For me, this was not a secular cleanse but a three week spiritual retreat in which I used the practice of modifying my diet to help me connect with the Great Beyond. Further, when I experienced discomfort during the cleanse, I ascribed meaning to it as moving me towards the desired ends of greater health and spiritual connection. Simply beginning my day with the prayer salutations and a call for blessing and guidance during my day by the Divine brought a powerful shift in how I viewed the world and the challenges I faced. I continue to start my day in this manner as a result.

During the cleanse, instead of being burnt out on eating only kitchari, I enjoyed the opportunity to find new ways to add complimentary vegetables to the dish. I roasted and pureed winter squashes for the first time; I ate more vegetables than I typically do and intestinally felt good doing so. Likewise, when I needed to break a sweat during the external oleation component of the cleanse, I embraced the opportunity to practice jumping rope, something that I have been wanting to do for years but had put off. From within these prescribed situations I was able to find lightness and play. Instead of feeling hindered by the panchakarma process, I found it as an invitation to explore within a new regime.

One of my personal vices is craving, yearning for what might be, what I can imagine could be, or even what I know I enjoy. During the cleanse, I came to truly understand the Thich Naht Hanh (in Roberts and Amidon, 1996)[1] poem which lies as a reminder on my kitchen table:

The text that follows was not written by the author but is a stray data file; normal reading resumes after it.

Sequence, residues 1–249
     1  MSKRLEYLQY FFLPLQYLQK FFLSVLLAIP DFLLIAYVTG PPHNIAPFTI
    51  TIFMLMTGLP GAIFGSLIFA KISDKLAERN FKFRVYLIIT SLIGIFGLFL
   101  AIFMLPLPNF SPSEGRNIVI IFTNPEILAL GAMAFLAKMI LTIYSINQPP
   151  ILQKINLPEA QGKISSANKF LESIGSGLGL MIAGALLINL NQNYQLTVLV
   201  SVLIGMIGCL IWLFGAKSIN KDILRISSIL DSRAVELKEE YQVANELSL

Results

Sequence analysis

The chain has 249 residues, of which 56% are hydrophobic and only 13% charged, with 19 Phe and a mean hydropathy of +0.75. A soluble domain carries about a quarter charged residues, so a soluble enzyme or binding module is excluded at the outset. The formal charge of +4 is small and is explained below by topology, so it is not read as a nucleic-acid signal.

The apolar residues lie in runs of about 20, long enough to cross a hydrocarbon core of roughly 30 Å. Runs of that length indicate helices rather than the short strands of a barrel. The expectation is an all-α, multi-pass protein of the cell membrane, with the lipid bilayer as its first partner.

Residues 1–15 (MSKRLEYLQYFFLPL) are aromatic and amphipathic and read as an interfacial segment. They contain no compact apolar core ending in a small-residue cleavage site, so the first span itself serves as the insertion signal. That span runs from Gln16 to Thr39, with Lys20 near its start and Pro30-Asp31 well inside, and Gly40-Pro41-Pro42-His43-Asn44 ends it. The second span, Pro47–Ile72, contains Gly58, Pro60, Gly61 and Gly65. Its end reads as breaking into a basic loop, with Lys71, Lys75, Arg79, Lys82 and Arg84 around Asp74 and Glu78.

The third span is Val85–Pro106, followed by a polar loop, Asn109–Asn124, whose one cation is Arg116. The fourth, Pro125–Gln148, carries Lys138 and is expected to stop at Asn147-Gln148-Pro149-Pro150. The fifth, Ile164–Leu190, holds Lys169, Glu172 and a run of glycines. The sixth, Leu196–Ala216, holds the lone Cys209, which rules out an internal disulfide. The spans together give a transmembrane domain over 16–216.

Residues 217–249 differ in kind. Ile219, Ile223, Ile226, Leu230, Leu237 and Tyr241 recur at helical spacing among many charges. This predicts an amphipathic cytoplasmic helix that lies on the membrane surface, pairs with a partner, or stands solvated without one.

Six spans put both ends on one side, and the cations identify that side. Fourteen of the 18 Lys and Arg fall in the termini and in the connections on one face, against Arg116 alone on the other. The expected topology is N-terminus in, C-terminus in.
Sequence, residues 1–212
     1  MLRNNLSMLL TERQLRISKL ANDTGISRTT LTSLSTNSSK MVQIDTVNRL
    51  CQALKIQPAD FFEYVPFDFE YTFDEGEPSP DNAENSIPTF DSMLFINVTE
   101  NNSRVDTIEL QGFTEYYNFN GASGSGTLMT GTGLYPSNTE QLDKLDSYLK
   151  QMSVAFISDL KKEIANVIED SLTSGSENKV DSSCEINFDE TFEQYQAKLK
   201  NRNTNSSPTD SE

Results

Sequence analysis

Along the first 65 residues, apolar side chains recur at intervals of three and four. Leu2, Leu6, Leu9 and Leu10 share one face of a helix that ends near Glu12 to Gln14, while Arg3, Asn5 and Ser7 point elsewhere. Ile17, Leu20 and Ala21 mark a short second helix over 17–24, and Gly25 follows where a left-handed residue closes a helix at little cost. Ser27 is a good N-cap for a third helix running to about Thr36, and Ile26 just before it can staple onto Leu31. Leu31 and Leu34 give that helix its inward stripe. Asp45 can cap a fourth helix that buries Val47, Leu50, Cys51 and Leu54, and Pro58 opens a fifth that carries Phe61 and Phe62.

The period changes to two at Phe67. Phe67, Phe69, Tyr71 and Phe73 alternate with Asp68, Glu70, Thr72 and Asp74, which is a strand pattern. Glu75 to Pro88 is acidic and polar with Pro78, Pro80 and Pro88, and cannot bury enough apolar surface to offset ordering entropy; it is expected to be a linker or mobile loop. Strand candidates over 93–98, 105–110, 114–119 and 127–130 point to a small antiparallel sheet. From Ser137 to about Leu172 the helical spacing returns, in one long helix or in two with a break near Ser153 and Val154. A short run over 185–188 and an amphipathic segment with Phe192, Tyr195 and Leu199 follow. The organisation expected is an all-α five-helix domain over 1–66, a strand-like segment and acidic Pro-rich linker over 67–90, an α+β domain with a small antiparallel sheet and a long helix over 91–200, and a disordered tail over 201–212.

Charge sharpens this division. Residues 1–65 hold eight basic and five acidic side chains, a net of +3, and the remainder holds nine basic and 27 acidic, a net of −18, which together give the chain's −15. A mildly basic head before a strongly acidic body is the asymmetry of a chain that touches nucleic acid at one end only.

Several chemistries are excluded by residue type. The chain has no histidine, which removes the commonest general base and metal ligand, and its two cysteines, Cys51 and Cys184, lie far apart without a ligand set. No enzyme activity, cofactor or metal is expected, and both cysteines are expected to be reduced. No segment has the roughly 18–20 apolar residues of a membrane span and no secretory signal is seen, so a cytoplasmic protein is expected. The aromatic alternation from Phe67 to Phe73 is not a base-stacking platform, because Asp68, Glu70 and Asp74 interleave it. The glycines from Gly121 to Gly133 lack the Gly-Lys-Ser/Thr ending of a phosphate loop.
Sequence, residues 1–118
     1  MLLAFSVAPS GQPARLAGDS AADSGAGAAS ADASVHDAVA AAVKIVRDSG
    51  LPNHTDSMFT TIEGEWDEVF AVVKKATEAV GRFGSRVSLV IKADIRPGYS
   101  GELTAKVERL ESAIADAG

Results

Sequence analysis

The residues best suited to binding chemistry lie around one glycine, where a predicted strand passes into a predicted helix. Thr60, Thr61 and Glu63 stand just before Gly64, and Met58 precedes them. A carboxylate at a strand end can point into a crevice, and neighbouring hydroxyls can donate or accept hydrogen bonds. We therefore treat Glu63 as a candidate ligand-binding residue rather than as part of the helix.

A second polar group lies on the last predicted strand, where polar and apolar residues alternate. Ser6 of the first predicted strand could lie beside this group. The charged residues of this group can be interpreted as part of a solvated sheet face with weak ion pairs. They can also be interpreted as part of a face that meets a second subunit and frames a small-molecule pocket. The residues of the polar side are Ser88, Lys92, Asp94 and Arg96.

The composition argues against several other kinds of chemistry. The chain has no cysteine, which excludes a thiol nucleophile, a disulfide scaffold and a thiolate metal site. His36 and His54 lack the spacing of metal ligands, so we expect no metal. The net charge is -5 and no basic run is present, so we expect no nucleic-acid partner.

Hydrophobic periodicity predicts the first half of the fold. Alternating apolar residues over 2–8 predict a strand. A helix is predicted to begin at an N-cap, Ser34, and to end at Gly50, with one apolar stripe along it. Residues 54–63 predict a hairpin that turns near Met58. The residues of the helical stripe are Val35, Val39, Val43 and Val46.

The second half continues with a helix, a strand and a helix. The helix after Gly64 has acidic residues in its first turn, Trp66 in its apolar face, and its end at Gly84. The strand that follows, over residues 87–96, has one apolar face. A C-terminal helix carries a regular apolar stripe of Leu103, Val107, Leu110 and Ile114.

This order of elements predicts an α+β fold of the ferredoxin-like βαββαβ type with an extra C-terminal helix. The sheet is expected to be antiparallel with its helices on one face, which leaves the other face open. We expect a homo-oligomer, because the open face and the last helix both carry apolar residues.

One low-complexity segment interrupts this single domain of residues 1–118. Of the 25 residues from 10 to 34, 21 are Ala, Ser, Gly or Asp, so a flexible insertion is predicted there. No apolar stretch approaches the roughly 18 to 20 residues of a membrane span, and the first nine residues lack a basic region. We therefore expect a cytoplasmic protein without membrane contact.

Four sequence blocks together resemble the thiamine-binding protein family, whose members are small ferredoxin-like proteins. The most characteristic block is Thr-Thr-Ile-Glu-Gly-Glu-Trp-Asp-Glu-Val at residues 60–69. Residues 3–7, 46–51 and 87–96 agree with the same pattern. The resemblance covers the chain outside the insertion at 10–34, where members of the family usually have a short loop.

Our true home is in the present moment.

To live in the present moment is a miracle.

The miracle is not to walk on water.

The miracle is to walk on the green Earth in the present moment,

to appreciate the peace and beauty that are available now.

Peace is all around us—

in the world and in nature—

and within us—

in our bodies and our spirits.

Once we learn to touch this peace,

we will be healed and transformed.

It is not a matter of faith;

it is a matter of practice. (p. 367)

 

During the cleanse when I had difficulty maintaining balance during yoga or had achy teeth, I came to see that these experiences were a part of the cleanse and were sufficient in themselves. I had found perfection in being right where I was, with whatever emerged. There was no sense in rushing ahead to worrying about taking
increasing quantities of ghee the next morning, for, in that very moment, I was walking my dog on a lovely fall morning around Sloan’s Lake. During the cleanse, I came to be able to better observe when my mind wandered to craving and anxiety and to gently invite myself to celebrate the miracle in that moment, of being present with exactly where I was. I continue to be blown away by the majesty of the moment when I am able to be truly present within it.



[1] Hanh, T. N. in Roberts, E., & Amidon, E., Eds. (1996). Life prayers from around the world: 365 prayers, blessings, and affirmations to celebrate the human journey. NY: HarperSanFranscisco.